|Map of the Proposed Dam Site,|
from the Seattle Times
Proponents estimate the dam will generate enough power for 10,000 homes in the area and tout the green energy of hydropower. The controversy, however, lies in the impact that a dam would have on salmon and other fish, paddling and other recreation, and the free-flowing nature of one of the most beloved rivers in the
Puget Sound. An additional concern is the intent to
add hydropower requiring a new dam on a free-flowing river, rather than
upgrading or adding hydropower capacity on existing structures.
|Photo by Tom O'Keefe|
The South Fork Skykomish is a well-decorated river. It has been designated as a State Scenic Waterway, listed as a Northwest Power and Conservation Council Protected Area, and recommended for federal designation as a Wild and
by the U.S. Forest Service.
According to opponents, the dam proposal would reduce two of the rivers most
iconic waterfalls – Scenic
and Canyon Falls
– to a trickle, and severely impact fish and wildlife habitat, water quality
and quantity, recreation, and aesthetic values.
“This proposal flies in the face of Washington state Scenic Rivers law, and the intent to protect one of the last free-flowing rivers in our state,” said Steve Starlund, of Washington State Parks, in the Seattle Times article.
A group of eight conservation and recreation organizations, including Washington Wild, sent a letter to the Federal Energy Regulatory Commission to intervene and stop permitting for the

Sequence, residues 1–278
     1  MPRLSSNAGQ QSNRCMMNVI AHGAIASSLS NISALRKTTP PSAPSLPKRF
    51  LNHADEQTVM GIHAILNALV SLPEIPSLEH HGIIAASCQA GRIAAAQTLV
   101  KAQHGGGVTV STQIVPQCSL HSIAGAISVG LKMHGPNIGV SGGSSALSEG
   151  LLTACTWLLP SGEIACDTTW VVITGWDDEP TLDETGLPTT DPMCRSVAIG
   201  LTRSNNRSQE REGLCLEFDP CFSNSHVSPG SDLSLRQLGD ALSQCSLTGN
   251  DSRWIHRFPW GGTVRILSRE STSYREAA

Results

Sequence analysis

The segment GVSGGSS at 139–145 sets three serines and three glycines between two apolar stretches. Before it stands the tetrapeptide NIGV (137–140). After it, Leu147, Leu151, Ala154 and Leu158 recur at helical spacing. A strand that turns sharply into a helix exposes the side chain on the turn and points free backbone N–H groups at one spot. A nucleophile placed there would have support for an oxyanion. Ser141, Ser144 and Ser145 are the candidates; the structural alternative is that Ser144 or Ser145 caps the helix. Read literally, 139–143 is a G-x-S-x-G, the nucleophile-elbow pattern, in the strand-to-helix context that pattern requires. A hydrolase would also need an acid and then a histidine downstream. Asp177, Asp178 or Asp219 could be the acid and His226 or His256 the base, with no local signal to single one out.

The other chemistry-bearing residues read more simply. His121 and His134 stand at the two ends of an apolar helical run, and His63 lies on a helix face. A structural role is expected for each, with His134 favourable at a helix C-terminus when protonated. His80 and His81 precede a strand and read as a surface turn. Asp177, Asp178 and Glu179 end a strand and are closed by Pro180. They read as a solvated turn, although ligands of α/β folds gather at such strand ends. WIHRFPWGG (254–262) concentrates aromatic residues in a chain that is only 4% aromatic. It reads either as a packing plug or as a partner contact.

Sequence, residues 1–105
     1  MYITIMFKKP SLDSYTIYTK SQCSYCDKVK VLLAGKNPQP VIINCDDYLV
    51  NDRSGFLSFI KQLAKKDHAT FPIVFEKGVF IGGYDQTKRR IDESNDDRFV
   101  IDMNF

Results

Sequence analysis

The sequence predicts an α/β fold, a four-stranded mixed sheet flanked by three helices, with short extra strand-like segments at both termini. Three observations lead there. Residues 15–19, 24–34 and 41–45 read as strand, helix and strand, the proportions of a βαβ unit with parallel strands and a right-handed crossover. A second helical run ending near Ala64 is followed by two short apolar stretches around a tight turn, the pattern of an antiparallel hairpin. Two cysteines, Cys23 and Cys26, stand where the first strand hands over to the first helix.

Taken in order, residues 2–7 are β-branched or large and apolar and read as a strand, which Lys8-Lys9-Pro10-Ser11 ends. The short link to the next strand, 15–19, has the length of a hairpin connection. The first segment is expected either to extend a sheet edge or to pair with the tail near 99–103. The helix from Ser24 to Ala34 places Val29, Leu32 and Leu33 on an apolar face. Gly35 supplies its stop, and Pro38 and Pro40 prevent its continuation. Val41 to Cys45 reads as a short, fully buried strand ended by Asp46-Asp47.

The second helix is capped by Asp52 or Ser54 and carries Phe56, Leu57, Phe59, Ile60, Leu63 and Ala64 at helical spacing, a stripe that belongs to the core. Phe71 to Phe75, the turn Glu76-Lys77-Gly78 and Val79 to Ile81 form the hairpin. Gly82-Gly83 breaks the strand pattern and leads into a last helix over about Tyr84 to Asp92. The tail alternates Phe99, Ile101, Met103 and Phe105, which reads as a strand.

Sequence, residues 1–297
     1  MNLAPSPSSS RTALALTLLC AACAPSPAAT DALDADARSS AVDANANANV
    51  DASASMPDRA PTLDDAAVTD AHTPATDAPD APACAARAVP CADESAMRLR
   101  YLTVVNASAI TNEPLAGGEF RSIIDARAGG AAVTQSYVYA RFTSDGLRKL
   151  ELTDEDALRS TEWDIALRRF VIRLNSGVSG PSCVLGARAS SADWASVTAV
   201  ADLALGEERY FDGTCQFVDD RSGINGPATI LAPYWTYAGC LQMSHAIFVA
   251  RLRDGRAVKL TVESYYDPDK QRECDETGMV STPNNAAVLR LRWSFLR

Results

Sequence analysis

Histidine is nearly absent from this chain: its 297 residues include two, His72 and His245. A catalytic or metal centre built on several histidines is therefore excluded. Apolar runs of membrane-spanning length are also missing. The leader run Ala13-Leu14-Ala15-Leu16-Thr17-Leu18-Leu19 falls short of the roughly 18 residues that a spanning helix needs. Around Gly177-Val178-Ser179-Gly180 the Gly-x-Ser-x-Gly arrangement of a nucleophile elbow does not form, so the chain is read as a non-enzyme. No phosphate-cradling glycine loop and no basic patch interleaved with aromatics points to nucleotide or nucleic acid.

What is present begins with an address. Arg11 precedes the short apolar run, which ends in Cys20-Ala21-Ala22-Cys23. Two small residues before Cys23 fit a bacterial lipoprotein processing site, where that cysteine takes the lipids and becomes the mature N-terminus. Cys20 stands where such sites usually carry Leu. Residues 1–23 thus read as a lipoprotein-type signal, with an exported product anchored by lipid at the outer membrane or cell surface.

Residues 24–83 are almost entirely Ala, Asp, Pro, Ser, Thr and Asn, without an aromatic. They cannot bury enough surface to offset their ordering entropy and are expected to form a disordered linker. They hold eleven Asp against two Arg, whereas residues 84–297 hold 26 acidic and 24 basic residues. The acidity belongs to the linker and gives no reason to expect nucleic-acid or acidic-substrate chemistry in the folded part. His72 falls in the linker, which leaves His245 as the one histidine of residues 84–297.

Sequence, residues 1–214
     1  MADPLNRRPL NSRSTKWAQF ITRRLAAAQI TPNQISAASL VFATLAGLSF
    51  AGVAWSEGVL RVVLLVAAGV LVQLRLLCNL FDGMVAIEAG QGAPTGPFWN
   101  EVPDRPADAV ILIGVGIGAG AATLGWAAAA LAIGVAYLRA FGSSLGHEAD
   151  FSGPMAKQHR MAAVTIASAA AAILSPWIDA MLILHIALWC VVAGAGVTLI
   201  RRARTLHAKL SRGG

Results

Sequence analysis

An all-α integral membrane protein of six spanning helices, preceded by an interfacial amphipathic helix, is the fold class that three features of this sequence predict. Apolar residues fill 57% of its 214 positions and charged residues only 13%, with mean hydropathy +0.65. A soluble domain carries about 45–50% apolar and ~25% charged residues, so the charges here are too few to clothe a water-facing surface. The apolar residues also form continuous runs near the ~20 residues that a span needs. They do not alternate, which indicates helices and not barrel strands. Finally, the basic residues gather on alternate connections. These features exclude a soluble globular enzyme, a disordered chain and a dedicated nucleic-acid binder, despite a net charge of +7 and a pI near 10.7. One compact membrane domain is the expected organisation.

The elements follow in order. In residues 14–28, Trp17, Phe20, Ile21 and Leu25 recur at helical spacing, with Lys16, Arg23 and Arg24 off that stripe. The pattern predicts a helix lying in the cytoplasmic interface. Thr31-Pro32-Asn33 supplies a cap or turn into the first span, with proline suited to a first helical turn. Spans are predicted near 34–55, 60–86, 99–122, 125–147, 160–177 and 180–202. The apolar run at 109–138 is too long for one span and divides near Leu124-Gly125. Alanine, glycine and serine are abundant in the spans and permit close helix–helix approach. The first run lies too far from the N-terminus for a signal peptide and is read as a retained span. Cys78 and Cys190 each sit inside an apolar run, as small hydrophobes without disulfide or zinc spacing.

project. In that letter, they
site the substantial environmental impacts and minimal power generation. The
project may also not be economically feasible. Previous developers have applied
for a permit to dam the South Fork Skykomish, only to find that the river flows
would not generate significant electricity. Sunset
"It's just one of those truly majestic, magical places that really define our region. So many rivers have experienced industrial development, and this is one that has not. To put in at the base of
is a unique and special
experience, and the thought of blasting those rocks to me frankly is
sacrilegious." said Tom O'Keefe, Pacific Northwest Stewardship Director of
American Whitewater, in the Seattle Times article. Sunset
|Photo by Tom O'Keefe|
To learn more about the Sunset Falls Dam project, watch this YouTube video.
The Sunset Falls Dam is not the only small hydropower project threatening some of our last remaining free flowing rivers and streams in the Cascades. A renewed emphasis on alternative energy sources, including hydropower, has sparked a “gold rush” for new small hydro development opportunities in our backcountry streams and rivers. In the very same watershed of the proposed Sunset Falls Dam, there are additional permit applications for upstream tributaries including –
and Barclay Creek. And
recently, the first new dam in 20 years was built on Youngs Creek, which is a
tributary to the main stem of the Martin
Creek . Skykomish
Elsewhere in the central Cascades, there is a proposed dam project on the
North Fork of the Snoqualmie river, which
has been found eligible and partly recommended for designation as a Wild and by the U.S. Forest Service. The
Black Canyon Dam Project poses many of the same issues as the Sunset Falls Dam
project, as a result is knee deep in controversy Scenic
19, there will meetings held in North Bend
to discuss the Black Canyon Dam. Please consider attending and voicing your
concerns about the project.
Date and Time:
June 19, 2012, Moring Scoping Meeting – and the Evening Scoping Meeting – .
Virtual Site Review
Date and Time:
June 19, 2012,
Location for all meetings:
More background information can be found here: